That meant counsel had to meticulously and methodically organize data and details, as each lawsuit had its own world of discovery, depositions and medical records, along with NECC and MDL documents.

“There was so much in this. A tremendous amount of paper and data,” Dardas said.

Once trial commenced, Dardas said the defendants’ medical experts did “a wonderful job” of explaining why the doctors chose NECC’s preservative-free steroid methylprednisolone acetate (pf MPA), which was the only medicine the doctors bought from NECC.

“They picked it because they thought it was a better medicine, as it was preservative-free and would help avoid the risk of exposure to neurotoxicity for that group of patients who were getting fluoroscopically guided injections,” Dardas said.

The plaintiffs, who sought $45 million, asserted that the doctors didn’t take enough steps to make sure it was safe. But the defense told the jury that the doctors had been using the steroids for eight years without a single adverse event.

In addition, Dardas said, every order that the doctors ordered arrived with a certificate from a microbiology lab indicating the steroids were sterile — showing that the doctors had reasonable reliance.

“They didn’t know or have a reason to know that one day NECC would [release] three bad batches of medicines,” he said.

He added that once the recall was announced, the doctors immediately stopped using the steroids and sequestered and quarantined the remaining injections.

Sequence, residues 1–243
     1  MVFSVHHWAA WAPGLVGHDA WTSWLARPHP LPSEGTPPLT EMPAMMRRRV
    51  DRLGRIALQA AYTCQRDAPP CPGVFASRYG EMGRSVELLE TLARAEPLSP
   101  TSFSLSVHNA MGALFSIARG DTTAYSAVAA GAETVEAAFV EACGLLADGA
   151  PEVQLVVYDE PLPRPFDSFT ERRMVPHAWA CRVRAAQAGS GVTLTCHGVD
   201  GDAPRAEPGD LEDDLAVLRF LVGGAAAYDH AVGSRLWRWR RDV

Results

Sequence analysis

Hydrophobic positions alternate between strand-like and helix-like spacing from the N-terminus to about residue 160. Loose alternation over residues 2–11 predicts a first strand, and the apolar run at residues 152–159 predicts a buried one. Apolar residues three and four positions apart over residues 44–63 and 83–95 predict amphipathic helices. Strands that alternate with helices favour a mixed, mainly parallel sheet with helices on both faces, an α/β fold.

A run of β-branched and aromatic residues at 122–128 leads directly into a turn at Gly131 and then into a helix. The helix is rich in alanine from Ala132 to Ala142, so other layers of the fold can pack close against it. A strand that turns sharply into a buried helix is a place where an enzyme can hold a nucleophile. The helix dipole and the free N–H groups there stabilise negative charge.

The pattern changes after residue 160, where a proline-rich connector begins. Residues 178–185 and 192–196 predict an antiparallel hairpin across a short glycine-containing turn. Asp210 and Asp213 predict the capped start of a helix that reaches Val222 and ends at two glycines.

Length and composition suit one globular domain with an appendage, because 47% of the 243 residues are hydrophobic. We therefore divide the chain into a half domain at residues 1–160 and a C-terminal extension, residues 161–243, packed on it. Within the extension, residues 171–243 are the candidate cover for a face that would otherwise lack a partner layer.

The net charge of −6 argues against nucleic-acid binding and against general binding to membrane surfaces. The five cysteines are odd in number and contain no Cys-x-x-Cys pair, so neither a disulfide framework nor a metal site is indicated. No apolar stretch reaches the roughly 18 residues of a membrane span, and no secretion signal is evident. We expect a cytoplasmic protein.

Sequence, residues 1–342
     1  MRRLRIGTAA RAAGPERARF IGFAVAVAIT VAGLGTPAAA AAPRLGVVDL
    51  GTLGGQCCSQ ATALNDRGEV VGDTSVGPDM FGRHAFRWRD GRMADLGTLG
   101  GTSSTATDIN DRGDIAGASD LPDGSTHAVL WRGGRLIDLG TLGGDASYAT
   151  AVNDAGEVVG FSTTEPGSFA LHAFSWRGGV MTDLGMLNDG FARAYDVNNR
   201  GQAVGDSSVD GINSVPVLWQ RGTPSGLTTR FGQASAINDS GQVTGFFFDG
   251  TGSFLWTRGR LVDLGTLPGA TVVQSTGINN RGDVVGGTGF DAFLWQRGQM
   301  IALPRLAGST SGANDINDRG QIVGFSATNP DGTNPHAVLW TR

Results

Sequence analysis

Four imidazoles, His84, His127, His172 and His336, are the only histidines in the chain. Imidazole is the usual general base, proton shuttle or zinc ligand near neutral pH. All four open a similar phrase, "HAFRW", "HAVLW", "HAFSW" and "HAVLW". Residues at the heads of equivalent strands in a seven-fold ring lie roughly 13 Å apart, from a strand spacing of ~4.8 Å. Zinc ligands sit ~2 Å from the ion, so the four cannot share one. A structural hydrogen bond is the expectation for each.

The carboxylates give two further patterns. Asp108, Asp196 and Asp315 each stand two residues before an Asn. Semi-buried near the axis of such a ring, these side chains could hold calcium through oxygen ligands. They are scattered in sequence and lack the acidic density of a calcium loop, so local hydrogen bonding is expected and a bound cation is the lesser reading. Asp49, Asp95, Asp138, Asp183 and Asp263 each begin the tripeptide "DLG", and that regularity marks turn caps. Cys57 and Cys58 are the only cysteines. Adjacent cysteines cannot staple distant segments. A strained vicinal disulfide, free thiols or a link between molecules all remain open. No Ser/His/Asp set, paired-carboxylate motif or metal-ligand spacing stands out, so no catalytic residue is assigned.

Dardas said that one of defendants’ experts, who practices physical medicine and rehabilitation, told the jury, in easy-to-understand terms, what a PMR physician’s
duty entails in selecting and administering steroids.

“[The doctor should] address the patient’s complaints of pain with a reasonable medication, for which pf MPA was, and to do the steroid injections in the manner they did, and it was a reasonable supplier with reasonable assurances of sterility,” Dardas said. “What the doctors did made sense and was within in the four corners of the standard of care.

“It was the simplicity of it in the face of, I think, plaintiffs’ incredible theory that doctors have a creative duty to go beyond being doctors and crown them to be regulators and investigators of their suppliers. It was a very clear theory for the jury to follow.”

The jury deliberated for less than three hours before determining that the defendants were not negligent.

Robert B. Sickels of Sommers Schwartz PC, one of five attorneys representing the plaintiffs’ class, said plaintiffs filed a motion for a new trial. The motion will be heard in February.

“The trial was about issues that should not have been tried,” he said. “The facts regarding the procurement of the drug were not contested. [Defendants] were obligated by regulations in law to use prescriptions. They didn’t do it. They were prohibited from buying large quantities of drugs from a compounding pharmacy. And NECC didn’t have a manufacturer’s license in the state of Michigan. That’s not an issue of fact; it’s a matter of law.”

Sickels said he does not believe the outcome in this trial has any implications for any case against other clinics that bought from NECC, as other states have different laws. For example, he said Tennessee has a claim that the matter falls under products liability.

“I would hope the real issues are actually tried in the other jurisdictions — that is, whether it was lawful to buy from NECC under the circumstances,” he said.